The House Is A Pigsty, You Snore All Night And I Love It
Sydney Morning Herald
By Stathi Paxinos and AAP
April 24 2002
Three not-so-little pigs have won a legal battle to remain in their own home.
A tribunal has ruled that Lily, Lucy and Oliver don't need a special permit to stay with Maggie and Neil Park in their house in Gisborne, 50km north of Melbourne.
Mrs Park said she was "as happy as a pig in mud" over the outcome of the Victorian Civil and Administrative Tribunal challenge, the latest in a series of protests from local residents over their unusual house pets.
She said the pigs make a bit of noise when they get grumpy, but on the whole they really like nothing more than quietly watching their favourite television programs with the family.
Lucy is a real telly addict and jumps onto their bed at night to keep them company.
"She burps and farts and snores, everything my husband does so I'm pretty used to it," Mrs Park said. "She gets up on the bed when she wants to have a little bit of R'n'R and tries to get under the doona.
"But when she gets up, one of us has to get out of bed because she's so heavy. She's already broken a couple of slats."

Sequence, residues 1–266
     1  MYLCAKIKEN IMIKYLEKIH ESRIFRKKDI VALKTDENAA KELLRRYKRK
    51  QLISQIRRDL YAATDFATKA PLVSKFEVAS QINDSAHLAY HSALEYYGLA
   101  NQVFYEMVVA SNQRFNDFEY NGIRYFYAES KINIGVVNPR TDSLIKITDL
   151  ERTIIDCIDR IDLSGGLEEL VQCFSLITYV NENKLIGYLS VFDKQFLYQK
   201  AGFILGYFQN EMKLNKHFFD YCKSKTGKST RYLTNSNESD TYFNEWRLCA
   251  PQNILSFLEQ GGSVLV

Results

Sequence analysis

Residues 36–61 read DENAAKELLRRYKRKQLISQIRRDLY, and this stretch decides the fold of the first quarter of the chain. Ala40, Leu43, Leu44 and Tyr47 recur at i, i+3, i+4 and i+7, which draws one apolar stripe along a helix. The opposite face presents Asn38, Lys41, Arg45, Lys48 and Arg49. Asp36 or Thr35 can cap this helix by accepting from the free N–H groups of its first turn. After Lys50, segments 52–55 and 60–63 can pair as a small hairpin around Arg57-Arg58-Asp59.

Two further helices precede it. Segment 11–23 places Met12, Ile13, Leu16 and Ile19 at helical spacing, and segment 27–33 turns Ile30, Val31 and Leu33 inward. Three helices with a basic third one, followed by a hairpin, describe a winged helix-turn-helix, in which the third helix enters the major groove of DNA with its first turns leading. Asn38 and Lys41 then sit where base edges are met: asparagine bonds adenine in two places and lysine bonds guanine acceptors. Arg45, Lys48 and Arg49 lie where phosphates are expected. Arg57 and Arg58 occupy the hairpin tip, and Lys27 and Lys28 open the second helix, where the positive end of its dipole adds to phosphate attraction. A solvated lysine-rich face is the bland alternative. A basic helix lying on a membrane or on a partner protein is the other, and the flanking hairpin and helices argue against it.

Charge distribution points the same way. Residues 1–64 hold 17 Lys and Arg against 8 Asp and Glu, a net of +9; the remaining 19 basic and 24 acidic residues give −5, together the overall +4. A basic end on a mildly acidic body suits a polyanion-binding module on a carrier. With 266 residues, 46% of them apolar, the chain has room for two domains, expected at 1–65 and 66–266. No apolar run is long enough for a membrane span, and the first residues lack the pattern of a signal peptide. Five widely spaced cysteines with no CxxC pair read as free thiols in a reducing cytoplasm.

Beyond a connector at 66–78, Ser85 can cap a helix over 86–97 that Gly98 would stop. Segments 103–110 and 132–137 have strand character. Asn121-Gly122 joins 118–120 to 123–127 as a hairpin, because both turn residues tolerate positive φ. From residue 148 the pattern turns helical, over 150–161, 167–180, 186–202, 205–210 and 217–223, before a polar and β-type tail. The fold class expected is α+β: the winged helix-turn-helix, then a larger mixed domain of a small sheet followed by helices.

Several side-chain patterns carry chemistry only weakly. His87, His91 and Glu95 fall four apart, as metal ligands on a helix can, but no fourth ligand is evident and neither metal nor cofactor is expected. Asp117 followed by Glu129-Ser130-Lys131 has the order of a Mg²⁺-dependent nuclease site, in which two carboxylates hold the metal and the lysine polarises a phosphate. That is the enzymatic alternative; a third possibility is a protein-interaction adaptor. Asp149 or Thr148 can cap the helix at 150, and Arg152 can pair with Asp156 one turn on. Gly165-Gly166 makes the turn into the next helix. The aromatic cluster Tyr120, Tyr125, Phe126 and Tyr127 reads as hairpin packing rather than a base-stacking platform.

The trouble began last year when some of the Parks's neighbours did not take to the 200-kilogram porkers. They went to the Victorian Civil and Administrative Tribunal to prevent the Parks receiving a permit to keep the pigs, alleging that the animals were smelly and noisy.
But the tribunal gave the Parks permission to keep their beloved pets at home.
A relieved Mrs Park, who has only recently received the tribunal's decision, said she and her husband would have moved from their property had the ruling gone against them.
"They're part of our family. You don't get rid of your kids," she said yesterday.
The Parks, who don't have children, lavish affection on the three pigs. They have the run of the house, with the couple even allocating a bedroom for the pigs, furnishing it with mattresses, blankets and a pet door.
Mrs Park denied that the pigs were smelly or dirty, saying the reputation stemmed from commercial piggeries where the animals are kept in crowded conditions.
"I'd prefer to have my pigs in the house than a lot of people that I have had in the house or kids who are noisy and messy and smelly," Mrs Park said.
"They give you a lot of love and affection."